MARYLAND, USA — While the COVID-19 outbreak continues to bring closures and cancellations throughout the DMV area, it also raises challenges for parents whose children were forced outside the classroom.
Though Maryland schools will close for two weeks attempting to prevent the spread of the novel coronavirus, daycare centers in the state are electing to remain open.
Shaun Rose, President of Rock Spring Children's Center in Bethesda says that child care services at this time are just as important due to many parents with children having to still work, given certain circumstances.
"In order for people who are 'essential' during this challenge that we're facing to work, those that have kids need child care," Rose said. "Back up care might typically be a grandparent and in this situation, it might not be feasible. So it makes it all more important that you have childcare for these people."
Rose states that while those who are not going into work physically but are working remotely during the outbreak to slow the spread of COVID-19, bringing in the scenario of watching a child or children while working is difficult.
"Even the people who aren't having to go to work that are able to work remotely, you can't really do so when you're trying to take care of an infant, a toddler, or even a young child," Rose said. "Anyone with children at the moment is struggling through this without child care or schools being open."
On Monday, Gov. Larry Hogan ordered all non-essential businesses in the state to close – that includes bars, restaurants, entertainment venues and other places where crowds could gather that are not critical to the infrastructure of day-to-day life.
During Monday's press conference, Hogan thanked the Marylanders who have been social distancing and staying at home but cautioned those who have not complied.
Other additional businesses, organizations, and facilities that can remain open in the state are:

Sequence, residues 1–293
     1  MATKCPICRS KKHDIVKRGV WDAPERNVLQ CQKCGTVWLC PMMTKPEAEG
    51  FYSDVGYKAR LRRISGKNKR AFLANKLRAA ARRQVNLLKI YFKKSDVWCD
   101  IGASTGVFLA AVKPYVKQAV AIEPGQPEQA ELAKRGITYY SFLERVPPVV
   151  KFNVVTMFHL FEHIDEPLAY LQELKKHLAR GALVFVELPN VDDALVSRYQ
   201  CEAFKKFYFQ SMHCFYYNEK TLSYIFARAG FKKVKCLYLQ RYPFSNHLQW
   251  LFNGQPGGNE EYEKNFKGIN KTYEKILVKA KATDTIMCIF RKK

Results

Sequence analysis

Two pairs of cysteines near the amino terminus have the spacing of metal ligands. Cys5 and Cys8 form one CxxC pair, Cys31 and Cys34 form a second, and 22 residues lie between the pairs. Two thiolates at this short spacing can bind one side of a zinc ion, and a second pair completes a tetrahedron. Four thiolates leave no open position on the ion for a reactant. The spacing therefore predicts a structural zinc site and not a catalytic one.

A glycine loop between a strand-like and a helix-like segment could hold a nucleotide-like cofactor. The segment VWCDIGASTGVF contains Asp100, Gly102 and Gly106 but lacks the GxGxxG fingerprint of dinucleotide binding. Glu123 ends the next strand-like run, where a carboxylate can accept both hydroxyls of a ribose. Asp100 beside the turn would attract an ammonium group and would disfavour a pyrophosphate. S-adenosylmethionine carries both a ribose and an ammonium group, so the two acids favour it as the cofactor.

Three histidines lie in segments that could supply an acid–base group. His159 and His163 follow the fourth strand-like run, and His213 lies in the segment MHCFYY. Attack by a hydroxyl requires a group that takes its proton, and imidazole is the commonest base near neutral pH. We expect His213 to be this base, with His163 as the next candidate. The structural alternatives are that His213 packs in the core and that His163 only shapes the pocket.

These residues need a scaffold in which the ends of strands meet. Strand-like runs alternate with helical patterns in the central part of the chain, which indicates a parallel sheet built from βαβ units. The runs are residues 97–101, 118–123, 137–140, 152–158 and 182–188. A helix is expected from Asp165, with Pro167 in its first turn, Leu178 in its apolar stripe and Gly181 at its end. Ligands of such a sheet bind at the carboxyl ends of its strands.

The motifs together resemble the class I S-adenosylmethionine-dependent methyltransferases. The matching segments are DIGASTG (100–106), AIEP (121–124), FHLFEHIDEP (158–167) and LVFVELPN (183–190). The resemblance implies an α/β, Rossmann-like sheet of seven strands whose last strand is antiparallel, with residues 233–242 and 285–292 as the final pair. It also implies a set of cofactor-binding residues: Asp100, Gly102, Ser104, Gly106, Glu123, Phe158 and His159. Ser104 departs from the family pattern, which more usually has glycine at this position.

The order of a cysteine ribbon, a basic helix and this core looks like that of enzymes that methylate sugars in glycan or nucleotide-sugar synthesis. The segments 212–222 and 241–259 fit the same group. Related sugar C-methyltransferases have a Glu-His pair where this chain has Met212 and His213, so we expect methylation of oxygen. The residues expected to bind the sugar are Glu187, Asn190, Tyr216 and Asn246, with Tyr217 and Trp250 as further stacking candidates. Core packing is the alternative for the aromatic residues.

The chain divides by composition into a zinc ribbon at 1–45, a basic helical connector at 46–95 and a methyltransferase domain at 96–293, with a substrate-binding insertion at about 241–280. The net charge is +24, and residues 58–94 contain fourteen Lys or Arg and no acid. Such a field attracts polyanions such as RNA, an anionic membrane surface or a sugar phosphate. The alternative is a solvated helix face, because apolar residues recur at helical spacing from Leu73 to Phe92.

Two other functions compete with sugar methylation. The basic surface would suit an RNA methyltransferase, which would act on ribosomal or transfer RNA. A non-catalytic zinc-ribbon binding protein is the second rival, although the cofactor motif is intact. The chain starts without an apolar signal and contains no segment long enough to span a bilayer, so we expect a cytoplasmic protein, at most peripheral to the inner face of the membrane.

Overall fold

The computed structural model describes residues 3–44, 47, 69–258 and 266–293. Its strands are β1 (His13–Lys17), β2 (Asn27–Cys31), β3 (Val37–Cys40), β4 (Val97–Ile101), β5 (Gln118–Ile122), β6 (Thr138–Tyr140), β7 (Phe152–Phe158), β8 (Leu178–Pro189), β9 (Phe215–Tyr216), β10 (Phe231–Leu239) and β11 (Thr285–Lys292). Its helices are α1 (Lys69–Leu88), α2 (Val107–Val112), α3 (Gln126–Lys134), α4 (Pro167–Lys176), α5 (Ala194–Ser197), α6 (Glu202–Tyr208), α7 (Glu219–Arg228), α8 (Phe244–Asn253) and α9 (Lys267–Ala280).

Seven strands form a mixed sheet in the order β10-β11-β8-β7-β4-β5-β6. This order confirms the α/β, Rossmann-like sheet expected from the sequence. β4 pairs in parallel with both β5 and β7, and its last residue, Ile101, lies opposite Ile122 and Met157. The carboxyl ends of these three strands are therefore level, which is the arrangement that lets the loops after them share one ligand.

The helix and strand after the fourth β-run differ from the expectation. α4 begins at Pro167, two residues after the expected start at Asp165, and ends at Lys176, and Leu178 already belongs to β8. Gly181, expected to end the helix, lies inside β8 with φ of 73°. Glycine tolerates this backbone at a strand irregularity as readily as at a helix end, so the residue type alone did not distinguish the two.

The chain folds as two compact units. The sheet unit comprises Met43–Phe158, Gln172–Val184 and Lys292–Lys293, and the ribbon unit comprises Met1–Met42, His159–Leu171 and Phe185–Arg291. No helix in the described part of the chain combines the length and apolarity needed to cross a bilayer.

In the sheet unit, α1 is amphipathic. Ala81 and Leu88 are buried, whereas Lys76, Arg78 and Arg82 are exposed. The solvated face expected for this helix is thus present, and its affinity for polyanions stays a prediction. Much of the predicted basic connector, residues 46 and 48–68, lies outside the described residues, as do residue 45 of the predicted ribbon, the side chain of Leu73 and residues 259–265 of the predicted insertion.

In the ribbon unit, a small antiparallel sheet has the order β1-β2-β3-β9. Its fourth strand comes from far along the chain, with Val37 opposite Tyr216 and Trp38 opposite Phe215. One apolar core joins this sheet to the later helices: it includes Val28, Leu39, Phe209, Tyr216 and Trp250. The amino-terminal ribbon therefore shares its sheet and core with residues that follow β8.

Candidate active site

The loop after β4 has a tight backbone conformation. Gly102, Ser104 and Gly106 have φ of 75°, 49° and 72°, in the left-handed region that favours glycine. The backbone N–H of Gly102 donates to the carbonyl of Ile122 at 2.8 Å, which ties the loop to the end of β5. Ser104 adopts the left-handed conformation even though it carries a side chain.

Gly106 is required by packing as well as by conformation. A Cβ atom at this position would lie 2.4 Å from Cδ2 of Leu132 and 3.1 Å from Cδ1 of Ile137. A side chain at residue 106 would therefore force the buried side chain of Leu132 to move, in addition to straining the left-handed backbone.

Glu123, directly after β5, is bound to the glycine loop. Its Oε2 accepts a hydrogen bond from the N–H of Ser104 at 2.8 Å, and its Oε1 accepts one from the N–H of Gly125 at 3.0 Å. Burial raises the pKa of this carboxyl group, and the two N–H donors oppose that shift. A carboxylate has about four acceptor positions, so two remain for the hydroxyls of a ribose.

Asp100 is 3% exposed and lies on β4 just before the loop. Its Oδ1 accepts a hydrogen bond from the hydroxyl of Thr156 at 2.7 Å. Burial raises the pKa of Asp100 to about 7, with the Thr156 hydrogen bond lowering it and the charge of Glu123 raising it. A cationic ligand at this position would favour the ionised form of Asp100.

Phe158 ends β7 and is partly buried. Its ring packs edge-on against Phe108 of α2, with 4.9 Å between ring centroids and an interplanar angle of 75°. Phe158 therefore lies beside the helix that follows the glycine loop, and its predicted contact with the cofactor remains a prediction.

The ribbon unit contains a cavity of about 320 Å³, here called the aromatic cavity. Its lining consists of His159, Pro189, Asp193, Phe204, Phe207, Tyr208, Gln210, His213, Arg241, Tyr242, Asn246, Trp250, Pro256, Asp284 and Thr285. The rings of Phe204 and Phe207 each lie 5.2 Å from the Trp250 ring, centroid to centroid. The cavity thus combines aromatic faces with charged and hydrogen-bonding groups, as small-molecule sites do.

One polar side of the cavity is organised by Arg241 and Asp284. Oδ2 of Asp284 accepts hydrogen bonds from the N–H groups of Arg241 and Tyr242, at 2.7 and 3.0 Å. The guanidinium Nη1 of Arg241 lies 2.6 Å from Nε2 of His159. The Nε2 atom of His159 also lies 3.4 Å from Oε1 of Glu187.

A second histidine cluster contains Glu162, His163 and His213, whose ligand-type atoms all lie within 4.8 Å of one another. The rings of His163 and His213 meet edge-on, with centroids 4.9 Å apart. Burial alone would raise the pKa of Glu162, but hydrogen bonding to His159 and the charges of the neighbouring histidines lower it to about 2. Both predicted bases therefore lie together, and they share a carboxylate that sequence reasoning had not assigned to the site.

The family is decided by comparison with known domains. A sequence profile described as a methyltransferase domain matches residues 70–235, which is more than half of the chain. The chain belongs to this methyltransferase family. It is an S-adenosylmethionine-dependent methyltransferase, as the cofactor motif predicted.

- Businesses and institutions involved in the research and development, manufacture, distribution, warehousing, and supplying of (i) pharmaceuticals; (ii) biotechnology therapies; and (iii) medical devices, diagnostics, equipment, and services.
- Auto and truck dealerships.
- Bicycle shops.
- Private security firms.
- Companies providing moving and storage of household items.
- Printers and sign shops.
- Companies and organizations providing support for persons with intellectual or developmental disabilities.
- Engineering, surveying, architectural, and interior design firms.
- Title companies.
- Motorcycle parts stores and repair shops.
- Companies that provide portable tents, portable flooring, portable lighting, portable toilets, portable handwashing stations, portable HVAC and other related equipment.
- Companies that rent tools and/or equipment.
"Unfortunately, many people are still not taking it seriously," Hogan said. "There were crowds of people visiting the cherry blossoms in Washington, D.C., and large gatherings on the beach in Ocean City and on the boardwalk. If you are engaged in this kind of activity, you are breaking the law, and you are literally endangering the lives of your family, your friends, and fellow citizens."
Multiple daycare providers told WUSA 9 that they are struggling to make ends meet. Some who operate out of their homes said they typically look after up to 10 children at a time.
Now, they said parents have kept their kids home, leaving them to look after only one or two children. Some said they need the income, but they are also concerned about the lack of social distancing.
One daycare provider sent WUSA 9 the following message:
On top of all of that, the states small business relief grants and loans do not apply to sole proprietors like myself and other Daycare Providers. Well, I guess some sole proprietorships. Just not ones as small as ours, where we are our only employee."
Other day care providers agreed, saying they do not have access to the same grants and loans if they run child care out of their homes. Still, they are putting safety first and shutting down for the time being.
The Governor said they are committed to helping small business owners throughout the process, but saving lives was his administration's first priority.
The closure of all non-essential businesses began at 5 p.m. Monday, March 23.
Check the status of the virus in your state with your state health department's websites by tapping below: